(vaudeville-wise) they had been written, took on themselves this portion of the dumb actors' duties—doubtless with sufficient spirit and intensity. The popularity of these performances, which, in spite or because of the restrictions upon them, increased day by day, eventually brought about a treaty of peace between the would-be monopolists of speech and song and the 'marionettes.' In 1716 Catherine Vanderberg, then directress, obtained a licence for the presentation of dramatic pieces interspersed with singing and dancing, and accompanied by instruments, to which the name 'opéra comique' was given, and has since in France always been applied.
Meanwhile the numerous alumni of the Neapolitan school, of whose existence the Abbé Raguenet had first made his countrymen aware, had been continuing the important work, initiated by the Florentine Academy a century earlier, of cultivating and refining musical expression—the widest sphere for whose exercise is unquestionably the musical drama. As among the French 'opera comique,' so among the Italians 'opera buffa,' took root and flourished, though restricted for a long time to short pieces of one act only, which were given (as 'divertissements' continued to be till our own time) between the acts of 'opere serie.' One of the most successful of these (it still keeps the stage), the 'Serva Padrona' of Pergolesi, was produced in Paris by French performers in 1746—ten years after the untimely death of its composer—with favour, but without any perceptible effect on the French taste. But its second production, in 1752, resulted in bringing the new Italian and the old French tastes into direct and fierce antagonism. Among the leaders in this war, of which that of the Gluckists and Piccinnists was but a continuation, one of the most distinguished was Jean Jacques Rousseau, who indulged his love of paradox to the extent of endeavouring to prove that, the French language being incapable of association with music, French music was and always must be non-existent. Rousseau's practical commentary on this thesis was the subsequent and very successful production of 'Le Devin du Village.'Since the beginning of the 18th century comic opera has everywhere divided with serious the attention and affection alike of composers and audiences. Among every people cultivating musical drama it has had its creators and admirers. The conditions of comic opera in Italy and France, where it has as yet taken the deepest root and branched out most luxuriantly, have remained unchanged since its first growth in either country. In the former the dialogue of opera is still uttered musically; in the latter it is for the most part spoken. A class of comedian has consequently been formed, and indeed brought to perfection, in France, which has no existence in Italy—a class formed of actors, and therefore on the French stage speakers, who are also not unfrequently singers of considerable, and indeed very considerable, skill. On the Italian stage the singing actor never speaks. The progress therefore of comic opera in the direction it has taken in France has in Italy been impossible; and whether from this or some other cause productiveness in this delightful form of art on the part of Italian composers may be said to have come to an end. More than sixty years have elapsed since the production of 'Il Barbiere,' thirty since that of 'Don Pasquale.' Moreover some of the best modern works of this class, whether by Italian or other composers, have been formed on the French model and first produced on the French stage. 'Le Comte Ory' of Rossini, and 'La Fille du Regiment' of Donizetti, are to all intents and purposes French operas. The present undisputed representative of Italian musical drama, Verdi, made some experiments in opera buflfa at the outset of his career; but with such small success as to have discouraged him from renewing them.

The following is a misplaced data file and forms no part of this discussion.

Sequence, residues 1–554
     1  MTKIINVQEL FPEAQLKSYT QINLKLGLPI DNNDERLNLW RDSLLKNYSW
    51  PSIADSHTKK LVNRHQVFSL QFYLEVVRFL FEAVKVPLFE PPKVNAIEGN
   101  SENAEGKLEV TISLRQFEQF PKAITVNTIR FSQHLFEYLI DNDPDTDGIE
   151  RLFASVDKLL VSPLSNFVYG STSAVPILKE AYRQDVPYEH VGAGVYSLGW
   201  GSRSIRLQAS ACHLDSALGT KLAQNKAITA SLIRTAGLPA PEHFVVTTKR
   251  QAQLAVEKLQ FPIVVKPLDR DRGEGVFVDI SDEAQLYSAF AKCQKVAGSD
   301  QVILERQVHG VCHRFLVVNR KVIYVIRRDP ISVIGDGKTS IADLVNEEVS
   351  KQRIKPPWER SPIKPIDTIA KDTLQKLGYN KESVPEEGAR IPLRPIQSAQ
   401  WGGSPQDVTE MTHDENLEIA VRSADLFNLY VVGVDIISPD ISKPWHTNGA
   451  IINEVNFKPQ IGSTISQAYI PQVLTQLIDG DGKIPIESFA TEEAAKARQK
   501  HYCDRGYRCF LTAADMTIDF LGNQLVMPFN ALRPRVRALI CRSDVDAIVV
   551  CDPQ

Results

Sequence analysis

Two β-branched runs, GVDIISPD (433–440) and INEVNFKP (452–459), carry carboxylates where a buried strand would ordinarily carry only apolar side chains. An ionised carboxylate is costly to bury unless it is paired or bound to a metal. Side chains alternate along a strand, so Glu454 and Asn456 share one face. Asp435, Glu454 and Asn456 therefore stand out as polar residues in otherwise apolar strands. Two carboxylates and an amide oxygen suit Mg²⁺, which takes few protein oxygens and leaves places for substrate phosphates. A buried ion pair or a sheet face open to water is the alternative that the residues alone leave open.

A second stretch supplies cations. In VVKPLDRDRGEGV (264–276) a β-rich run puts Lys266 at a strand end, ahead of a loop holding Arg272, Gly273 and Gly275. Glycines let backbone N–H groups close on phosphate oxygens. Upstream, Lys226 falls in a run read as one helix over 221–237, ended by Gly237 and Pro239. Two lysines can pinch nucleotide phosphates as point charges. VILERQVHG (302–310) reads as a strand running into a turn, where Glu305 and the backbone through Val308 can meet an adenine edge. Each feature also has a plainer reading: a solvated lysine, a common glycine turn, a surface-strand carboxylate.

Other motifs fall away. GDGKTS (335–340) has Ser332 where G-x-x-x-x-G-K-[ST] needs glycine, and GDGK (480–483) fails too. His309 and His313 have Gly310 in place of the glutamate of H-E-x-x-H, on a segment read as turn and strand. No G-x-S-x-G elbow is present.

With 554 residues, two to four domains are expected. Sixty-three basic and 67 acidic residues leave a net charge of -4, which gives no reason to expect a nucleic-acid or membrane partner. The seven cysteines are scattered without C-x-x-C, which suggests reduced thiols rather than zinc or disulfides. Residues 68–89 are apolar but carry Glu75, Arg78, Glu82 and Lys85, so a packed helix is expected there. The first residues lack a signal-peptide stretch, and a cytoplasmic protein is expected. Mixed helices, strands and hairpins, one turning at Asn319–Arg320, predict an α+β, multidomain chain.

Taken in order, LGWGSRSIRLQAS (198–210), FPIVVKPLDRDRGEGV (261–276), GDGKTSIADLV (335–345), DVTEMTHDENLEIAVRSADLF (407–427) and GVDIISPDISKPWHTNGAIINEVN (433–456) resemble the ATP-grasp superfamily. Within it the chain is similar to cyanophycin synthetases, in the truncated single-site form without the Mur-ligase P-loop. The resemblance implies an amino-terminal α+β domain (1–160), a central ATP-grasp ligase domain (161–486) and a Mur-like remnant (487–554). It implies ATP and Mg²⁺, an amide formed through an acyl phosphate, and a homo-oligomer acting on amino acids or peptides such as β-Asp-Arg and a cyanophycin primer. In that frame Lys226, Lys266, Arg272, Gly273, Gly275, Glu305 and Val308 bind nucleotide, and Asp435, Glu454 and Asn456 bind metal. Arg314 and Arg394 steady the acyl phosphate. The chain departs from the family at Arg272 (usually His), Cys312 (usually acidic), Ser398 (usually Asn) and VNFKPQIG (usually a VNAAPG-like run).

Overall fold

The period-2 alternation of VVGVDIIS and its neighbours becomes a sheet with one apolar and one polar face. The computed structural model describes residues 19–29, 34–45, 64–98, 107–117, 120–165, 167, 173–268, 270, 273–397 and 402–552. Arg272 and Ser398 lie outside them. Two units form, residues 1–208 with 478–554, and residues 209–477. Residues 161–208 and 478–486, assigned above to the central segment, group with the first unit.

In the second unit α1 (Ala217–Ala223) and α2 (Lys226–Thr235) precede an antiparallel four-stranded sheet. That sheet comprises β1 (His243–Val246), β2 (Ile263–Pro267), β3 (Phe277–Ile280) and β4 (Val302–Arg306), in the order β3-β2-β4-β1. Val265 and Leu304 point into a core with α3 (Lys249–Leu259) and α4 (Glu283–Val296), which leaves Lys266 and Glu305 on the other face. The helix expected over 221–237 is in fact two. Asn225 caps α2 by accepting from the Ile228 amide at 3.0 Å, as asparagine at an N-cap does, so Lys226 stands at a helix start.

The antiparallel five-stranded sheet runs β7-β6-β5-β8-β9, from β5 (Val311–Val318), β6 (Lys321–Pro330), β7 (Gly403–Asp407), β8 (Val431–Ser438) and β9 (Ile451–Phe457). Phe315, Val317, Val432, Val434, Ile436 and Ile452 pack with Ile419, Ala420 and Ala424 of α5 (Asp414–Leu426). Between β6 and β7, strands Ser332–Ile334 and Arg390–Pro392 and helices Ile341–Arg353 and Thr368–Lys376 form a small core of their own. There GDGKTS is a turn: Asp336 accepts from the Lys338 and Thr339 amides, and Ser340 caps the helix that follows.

[ J. H. ]
COMMA. A comma is a very minute interval of sound, the difference resulting from the process of tuning up by several steps from one note to another in two different ways. There are two commas.
1. The common comma is found by tuning up four perfect fifths from a fixed note, on the one hand, and two octaves and a major third on the other, which ostensibly produce the same note, thus—
or by multiplying the number of the vibrations of the lowest note by ⅔ for each fifth, by 2 for each octave, and by 5⁄4 for the perfect third. The result in each case will be found to be different, and the vibrations of the two sounds are found by the latter process to be in the ratio of 80:81. The difference between the two is a comma.
2. The comma maxima, or Pythagorean comma, is the difference resulting from the process of tuning up twelve perfect fifths on the one hand, and the corresponding number of octaves on the other; or, by multiplying the number of vibrations of the lowest note by 3/2 for every fifth, and by 2 for every octave. The difference will appear in the vibration of the two notes thus obtained in the ratio of 524,288:551,441, [App. p.595 "531,441"] or nearly 80:81.0915.Other commas may be found by analogous processes, but the above two are the only ones usually taken account of.
[ C. H. H. P. ]
[ J. M. ]
- Comic opera is the opera of comedy, not 'comic' in the vulgar English sense.